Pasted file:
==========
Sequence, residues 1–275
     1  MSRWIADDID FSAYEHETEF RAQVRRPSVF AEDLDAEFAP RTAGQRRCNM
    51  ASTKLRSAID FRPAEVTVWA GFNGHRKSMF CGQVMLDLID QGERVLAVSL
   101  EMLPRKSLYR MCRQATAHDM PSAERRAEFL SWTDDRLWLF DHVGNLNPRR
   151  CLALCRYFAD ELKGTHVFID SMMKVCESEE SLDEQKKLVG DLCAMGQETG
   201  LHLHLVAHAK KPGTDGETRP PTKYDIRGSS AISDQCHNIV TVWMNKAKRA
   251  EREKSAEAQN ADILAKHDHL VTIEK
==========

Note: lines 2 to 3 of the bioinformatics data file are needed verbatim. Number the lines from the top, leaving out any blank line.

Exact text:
     1  MSRWIADDID FSAYEHETEF RAQVRRPSVF AEDLDAEFAP RTAGQRRCNM
    51  ASTKLRSAID FRPAEVTVWA GFNGHRKSMF CGQVMLDLID QGERVLAVSL